69. 69. 70 Cultural and Linguistic Competence Adapted from: Goode, T., Jones, W., & Christopher, J. Responding to cultural and linguistic differences among people with intellectual disability. In Percy, M., Wehmeyer, M. L., Shogren, K. A., & Fung, A. (Eds.). A comprehensive guide to intellectual and developmental disabilities (2nd ed.). Baltimore, MD: Brookes Publishing. In press.  Your world view or cultural frame of reference influences your approach to delivering services, supports, or other responsibilities associated with your position/role.  Your world view is influenced by the “culture” of the organization, program, or agency in which you are employed.  You, as well as all people, have biases that manifest at both conscious and unconscious levels. Since one’s cultural frame of reference contributes to biases, it is necessary to identify, acknowledge, and address such biases if they interfere with your capacity to perform day-to-day responsibilities in a competent and respectful manner.
  70. 70. 71 Cultural and Linguistic Competence Adapted from: Goode, T., Jones, W., & Christopher, J. Responding to cultural and linguistic differences among people with intellectual disability. In Percy, M., Wehmeyer, M. L., Shogren, K. A., & Fung, A. (Eds.). A comprehensive guide to intellectual and developmental disabilities (2nd ed.). Baltimore, MD: Brookes Publishing. In press. Your willingness and capacity to address cultural differences are essential to: (a) supporting service members and their families from diverse racial, ethnic, and cultural groups; and (a) the working relationships with colleagues and others involved in the array of systems that provide services and supports to the military community.
  71. 71. As a culturally competent _________ I am capable of interacting positively with people who do NOT look like, talk like, think like, believe like, act like, live like... ME!!!Source: Multnomah County Department of Health. move like, Modification from Mike Magy, Massachusetts Department of Mental Health, November 2005 . love like... Slide Source:© 2015 Georgetown University National Center for Cultural Competence72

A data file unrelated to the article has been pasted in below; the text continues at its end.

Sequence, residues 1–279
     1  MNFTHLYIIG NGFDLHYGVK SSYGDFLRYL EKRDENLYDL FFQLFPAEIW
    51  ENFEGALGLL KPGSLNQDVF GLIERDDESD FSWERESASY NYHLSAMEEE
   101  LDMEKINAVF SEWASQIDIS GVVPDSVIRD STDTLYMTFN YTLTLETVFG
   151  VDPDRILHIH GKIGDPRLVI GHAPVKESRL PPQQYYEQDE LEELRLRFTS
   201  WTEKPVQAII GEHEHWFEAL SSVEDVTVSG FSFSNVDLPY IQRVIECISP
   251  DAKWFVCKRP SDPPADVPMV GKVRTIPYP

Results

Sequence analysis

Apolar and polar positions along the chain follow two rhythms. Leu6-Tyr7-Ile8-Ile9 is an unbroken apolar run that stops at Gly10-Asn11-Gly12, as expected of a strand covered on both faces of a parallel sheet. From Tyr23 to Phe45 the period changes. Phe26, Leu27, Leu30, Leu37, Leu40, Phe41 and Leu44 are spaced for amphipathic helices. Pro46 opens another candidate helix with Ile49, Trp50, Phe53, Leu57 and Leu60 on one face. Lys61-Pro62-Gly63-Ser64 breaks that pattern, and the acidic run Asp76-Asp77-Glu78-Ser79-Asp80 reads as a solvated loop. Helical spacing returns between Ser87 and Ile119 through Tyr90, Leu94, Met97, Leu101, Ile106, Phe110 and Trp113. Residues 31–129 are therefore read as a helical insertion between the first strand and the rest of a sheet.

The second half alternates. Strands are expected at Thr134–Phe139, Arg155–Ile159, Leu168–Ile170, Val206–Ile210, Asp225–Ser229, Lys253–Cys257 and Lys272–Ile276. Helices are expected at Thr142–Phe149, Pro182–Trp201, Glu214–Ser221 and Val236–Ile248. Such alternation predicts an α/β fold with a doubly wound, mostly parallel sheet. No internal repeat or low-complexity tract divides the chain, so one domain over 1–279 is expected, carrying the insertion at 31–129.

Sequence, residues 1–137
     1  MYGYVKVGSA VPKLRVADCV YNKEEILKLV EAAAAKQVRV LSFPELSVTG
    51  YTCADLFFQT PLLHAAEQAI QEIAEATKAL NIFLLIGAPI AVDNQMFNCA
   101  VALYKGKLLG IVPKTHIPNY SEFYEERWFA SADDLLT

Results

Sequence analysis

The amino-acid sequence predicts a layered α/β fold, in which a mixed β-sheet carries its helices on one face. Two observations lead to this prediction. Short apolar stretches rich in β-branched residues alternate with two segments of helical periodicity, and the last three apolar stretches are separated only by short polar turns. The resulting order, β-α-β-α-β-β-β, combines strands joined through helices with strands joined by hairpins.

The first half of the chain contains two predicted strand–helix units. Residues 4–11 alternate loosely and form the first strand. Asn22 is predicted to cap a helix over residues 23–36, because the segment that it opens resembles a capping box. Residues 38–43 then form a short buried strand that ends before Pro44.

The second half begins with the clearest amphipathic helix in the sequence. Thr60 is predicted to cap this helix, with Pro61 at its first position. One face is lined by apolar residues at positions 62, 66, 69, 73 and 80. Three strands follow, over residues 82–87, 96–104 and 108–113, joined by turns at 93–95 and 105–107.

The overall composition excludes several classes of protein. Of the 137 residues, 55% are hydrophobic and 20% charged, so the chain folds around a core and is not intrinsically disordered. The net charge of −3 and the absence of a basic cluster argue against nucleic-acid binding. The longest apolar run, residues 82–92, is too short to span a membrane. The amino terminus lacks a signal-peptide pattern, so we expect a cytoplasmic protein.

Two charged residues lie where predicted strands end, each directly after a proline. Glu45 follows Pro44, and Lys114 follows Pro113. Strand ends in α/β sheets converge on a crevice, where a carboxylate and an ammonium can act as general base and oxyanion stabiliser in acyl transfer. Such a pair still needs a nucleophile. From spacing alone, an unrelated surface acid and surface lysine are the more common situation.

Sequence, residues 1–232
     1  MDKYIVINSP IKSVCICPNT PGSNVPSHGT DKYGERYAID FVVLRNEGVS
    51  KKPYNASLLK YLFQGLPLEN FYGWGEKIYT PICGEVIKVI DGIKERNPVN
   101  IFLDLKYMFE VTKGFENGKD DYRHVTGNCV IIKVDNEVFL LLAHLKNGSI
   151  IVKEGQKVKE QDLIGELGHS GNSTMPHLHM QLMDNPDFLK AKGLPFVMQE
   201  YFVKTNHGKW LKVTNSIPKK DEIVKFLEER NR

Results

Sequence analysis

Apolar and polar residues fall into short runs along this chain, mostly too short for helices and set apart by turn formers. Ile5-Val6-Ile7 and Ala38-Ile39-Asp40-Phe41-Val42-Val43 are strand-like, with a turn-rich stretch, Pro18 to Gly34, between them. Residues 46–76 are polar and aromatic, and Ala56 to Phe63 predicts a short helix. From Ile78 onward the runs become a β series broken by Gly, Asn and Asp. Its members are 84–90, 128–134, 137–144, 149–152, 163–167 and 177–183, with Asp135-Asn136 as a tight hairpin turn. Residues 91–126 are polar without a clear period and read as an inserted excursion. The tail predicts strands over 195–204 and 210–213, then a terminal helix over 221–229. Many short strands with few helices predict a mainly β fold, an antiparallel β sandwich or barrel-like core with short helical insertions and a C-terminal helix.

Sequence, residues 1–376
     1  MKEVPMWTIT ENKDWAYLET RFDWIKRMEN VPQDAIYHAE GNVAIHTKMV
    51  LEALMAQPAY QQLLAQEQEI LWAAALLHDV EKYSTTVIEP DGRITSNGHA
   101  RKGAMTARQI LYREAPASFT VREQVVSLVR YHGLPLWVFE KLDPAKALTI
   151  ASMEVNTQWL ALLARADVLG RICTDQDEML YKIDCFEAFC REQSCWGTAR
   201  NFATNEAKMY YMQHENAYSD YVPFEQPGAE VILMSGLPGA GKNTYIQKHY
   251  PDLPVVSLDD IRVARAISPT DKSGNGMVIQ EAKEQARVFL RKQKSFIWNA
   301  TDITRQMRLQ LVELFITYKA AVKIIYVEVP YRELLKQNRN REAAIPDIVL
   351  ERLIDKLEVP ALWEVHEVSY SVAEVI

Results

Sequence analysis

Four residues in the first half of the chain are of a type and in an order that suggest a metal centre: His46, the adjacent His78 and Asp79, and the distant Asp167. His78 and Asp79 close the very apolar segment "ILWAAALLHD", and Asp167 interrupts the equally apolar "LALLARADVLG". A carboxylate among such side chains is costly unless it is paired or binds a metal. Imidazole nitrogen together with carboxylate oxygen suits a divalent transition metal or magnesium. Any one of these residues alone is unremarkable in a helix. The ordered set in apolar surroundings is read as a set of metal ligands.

72. 72. CONTACT US National Center for Cultural Competence http://nccc.georgetown.edu cultural@georgetown.edu The content of and this PowerPoint presentation are copyrighted and are protected by Georgetown University's copyright policies. Permission is granted to use this PowerPoint presentation in its entirety and/or individual slides for non- commercial purposes if:  the material is not to be altered and • proper credit is given to the author(s) and to the National Center for Cultural Competence. Permission is required if the material is to be: • modified in any way • used in broad distribution. To request permission and for more information, contact cultural@georgetown.edu. 73
  73. 73. Reflect! Keep Calm & Carry On (Mindfulness Audiocast Exercise) Discover and observe your reactions to life’s stressors and choose how to respond. Learn to balance work and life with this three-part mindfulness audiocast series. Audiocast #2: Stepping Back from Your Thoughts Link to Download: http://blogs.extension.org/militaryfamilies/military- caregiving/audiocasts-and-podcasts/
  74. 74. Evaluation & Continuing Education Credits/Certificates The MFLNMC Concentration Area offers 1.5 credit hour(s) from the National Association of Social Workers (NASW) / certificates of completion for today’s webinar. To receive CE credits or certificate of completion, please complete the evaluation and post-test found at: https://vte.co1.qualtrics.com/SE/?SID=SV_cRWEjqwLMf0SCZn *Must pass post-test with an 80% or higher to receive CE credit.
  75. 75. Session #3: Recharging! Combating Compassion Fatigue Time: 11:00 a.m. – 12:30 p.m. EDT Date: Wednesday, November 4, 2015 Location: https://learn.extension.org/events/2188 For more information on MFLN Military Caregiving go to: https://blogs.extension.org/militaryfamilies/military-caregiving/
  76. 76. https://www.linkedin.com/groups/Military-Families-Learning-Network-8409844
  77. 77. Find all upcoming & recorded VLEs & webinars covering: Personal Finance Family Transitions Military Caregiving Network Literacy Family Development Nutrition & Wellness Community Capacity Building www.extension.org/62581 This material is based upon work supported by the National Institute of Food and Agriculture, U.S. Department of Agriculture, and the Office of Family Readiness Policy, U.S. Department of Defense under Award Numbers 2012-48755-20306 and 2014-48770-22587.